Harry Potter actor Warwick Davis in conversation with Lumos CEO

The Pottermore Correspondent

Harry Potter actor Warwick Davis at Pottermore HQ

The Harry Potter actor meets the Chief Executive of J.K. Rowling’s charity.

Warwick Davis and Georgette ‘George’ Mulheir sit across from one another. They’re at Pottermore HQ to talk about the eight million children currently living in orphanages around the world, and what we can do to help them.

Warwick, of course, played Professor Flitwick and Griphook in the Harry Potter films. George is the CEO of Lumos, the non-profit organization J.K. Rowling founded in 2005 and named after the light-giving spell from the Harry Potter books.

‘Now, tell me, why does Lumos exist? How did it all start?’ Warwick asks.

‘In 2004, J.K. Rowling saw a picture on the front of the Sunday Times newspaper that I think changed her life forever and certainly changed the lives of millions of children,’ George says.

‘It was a picture of a young boy in a caged bed in an institution in the Czech Republic and I think she was so shocked to see that in this modern day, there are still children living in these horrific institutions in Europe. So she decided she had to do something about it and within a year, Lumos had been born.’ George perhaps knows that the stories she tells today will have a similar effect on the people in this very room.

In the 11 years since, George and her team have been working to get children like that boy out of orphanages. In fact, their aim is to get all children out of institutions by 2050.

And that work might sound counterintuitive, if you assume that an orphanage is a safe, loving place for children to go when they’ve lost their parents. But that’s simply not the case. An estimated 80 percent of the children in orphanages around the world have at least one living parent, who has been forced, by adversity, into an impossible decision.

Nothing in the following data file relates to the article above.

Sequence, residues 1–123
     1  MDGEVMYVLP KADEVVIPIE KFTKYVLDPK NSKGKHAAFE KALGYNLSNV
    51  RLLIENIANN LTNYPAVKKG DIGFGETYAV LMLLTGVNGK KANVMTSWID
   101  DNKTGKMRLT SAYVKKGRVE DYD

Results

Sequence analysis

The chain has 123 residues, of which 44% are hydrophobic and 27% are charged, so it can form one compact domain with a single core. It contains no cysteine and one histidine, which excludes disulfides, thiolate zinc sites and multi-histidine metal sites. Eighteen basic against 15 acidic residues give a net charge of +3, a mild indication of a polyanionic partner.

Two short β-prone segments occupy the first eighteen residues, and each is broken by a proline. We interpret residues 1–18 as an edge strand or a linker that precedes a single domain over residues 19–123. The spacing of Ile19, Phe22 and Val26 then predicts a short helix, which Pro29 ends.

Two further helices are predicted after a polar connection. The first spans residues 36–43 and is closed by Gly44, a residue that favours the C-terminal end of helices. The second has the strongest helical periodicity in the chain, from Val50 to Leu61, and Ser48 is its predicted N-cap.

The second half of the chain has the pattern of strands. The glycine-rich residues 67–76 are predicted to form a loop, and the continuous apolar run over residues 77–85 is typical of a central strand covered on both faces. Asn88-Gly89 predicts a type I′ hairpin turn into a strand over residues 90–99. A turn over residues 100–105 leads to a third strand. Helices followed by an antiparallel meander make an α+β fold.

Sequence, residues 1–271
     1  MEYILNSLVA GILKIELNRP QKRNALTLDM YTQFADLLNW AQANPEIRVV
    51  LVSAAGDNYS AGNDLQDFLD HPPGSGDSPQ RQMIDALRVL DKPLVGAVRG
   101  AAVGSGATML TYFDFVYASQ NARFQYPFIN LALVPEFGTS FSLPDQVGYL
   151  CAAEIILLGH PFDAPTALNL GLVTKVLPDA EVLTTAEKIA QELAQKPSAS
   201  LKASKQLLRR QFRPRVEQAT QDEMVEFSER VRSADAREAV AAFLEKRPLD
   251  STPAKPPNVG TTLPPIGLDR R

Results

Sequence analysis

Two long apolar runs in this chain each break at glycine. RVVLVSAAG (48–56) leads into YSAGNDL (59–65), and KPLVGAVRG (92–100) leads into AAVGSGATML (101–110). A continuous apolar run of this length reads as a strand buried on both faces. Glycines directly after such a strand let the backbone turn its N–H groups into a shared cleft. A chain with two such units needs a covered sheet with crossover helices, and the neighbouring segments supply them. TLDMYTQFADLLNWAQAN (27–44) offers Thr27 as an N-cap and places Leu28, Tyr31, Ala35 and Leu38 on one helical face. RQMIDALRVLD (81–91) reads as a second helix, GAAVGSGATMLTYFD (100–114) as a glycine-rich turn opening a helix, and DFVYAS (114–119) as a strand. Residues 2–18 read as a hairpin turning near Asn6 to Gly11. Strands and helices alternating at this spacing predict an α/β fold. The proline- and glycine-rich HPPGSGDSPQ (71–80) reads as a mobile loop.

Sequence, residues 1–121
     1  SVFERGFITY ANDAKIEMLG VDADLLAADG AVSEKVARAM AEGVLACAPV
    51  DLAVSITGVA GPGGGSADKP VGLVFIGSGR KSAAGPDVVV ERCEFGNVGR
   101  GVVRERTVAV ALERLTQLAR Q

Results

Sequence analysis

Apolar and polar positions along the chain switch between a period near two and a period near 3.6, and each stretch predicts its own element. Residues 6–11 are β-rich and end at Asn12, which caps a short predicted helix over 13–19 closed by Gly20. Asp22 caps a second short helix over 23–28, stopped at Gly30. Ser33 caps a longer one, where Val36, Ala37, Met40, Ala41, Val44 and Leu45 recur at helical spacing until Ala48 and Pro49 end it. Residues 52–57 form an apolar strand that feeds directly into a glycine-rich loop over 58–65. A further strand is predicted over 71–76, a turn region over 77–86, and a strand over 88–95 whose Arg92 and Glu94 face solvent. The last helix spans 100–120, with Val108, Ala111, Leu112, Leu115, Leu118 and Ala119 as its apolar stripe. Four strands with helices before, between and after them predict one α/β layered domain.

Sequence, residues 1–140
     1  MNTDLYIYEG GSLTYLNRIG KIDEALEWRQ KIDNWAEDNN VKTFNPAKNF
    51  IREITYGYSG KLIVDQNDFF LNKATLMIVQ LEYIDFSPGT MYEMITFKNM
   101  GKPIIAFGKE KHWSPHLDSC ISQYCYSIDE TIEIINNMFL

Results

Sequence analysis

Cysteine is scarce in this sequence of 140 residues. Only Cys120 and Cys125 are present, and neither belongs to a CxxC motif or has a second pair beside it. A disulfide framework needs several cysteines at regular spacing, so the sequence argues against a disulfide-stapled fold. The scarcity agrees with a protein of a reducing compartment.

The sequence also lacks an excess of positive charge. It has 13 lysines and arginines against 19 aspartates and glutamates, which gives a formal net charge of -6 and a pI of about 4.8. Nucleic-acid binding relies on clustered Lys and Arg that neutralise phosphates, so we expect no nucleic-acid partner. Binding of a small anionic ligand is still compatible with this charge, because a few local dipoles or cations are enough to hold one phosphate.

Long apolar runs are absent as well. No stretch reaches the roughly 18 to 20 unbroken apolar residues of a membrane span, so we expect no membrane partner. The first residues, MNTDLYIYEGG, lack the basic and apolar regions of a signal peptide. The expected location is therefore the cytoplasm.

‘I’ve seen parents where literally their choice is allowing their children to starve or taking them to an orphanage,’ George says. ‘Our experience has been that most parents want their children and love their children but feel they have no choice but to give them up.’

Georgette Mulheir, CEO of children's charity Lumos

Conditions vary from orphanage to orphanage, but only truly from awful to horrific. Many are overcrowded and under-staffed. In countries like Moldova, Russia and Ukraine, George says, they might house as many as 600 children, none of whom are cared for properly.

Some are smaller and better funded, but George points out that outcomes for the children living in these kind of orphanages are often as bad, and damaging to their health and life chances of the children living there. It’s a harrowing reality.

‘There are many huge problems that need to be solved in the world. The great thing with this one is that it can be. By 2050, we’re absolutely confident that there will be no children in orphanages anywhere around the world and we will have forgotten – actually forgotten – that we used to do this to children,’ she says.

You can watch Warwick’s interview with Georgette Mulheir here:

Thanks to the generous support of J.K. Rowling and others, 100% of the money you give to Lumos will go directly to Lumos’ projects and not to overhead administration costs.

To find out how you can help Lumos achieve this goal, visit their website, follow them on Twitter or like them on Facebook.

All profits from sales of The Tales of Beedle the Bard by J.K. Rowling go to Lumos. To buy your copy, visit the Pottermore Shop.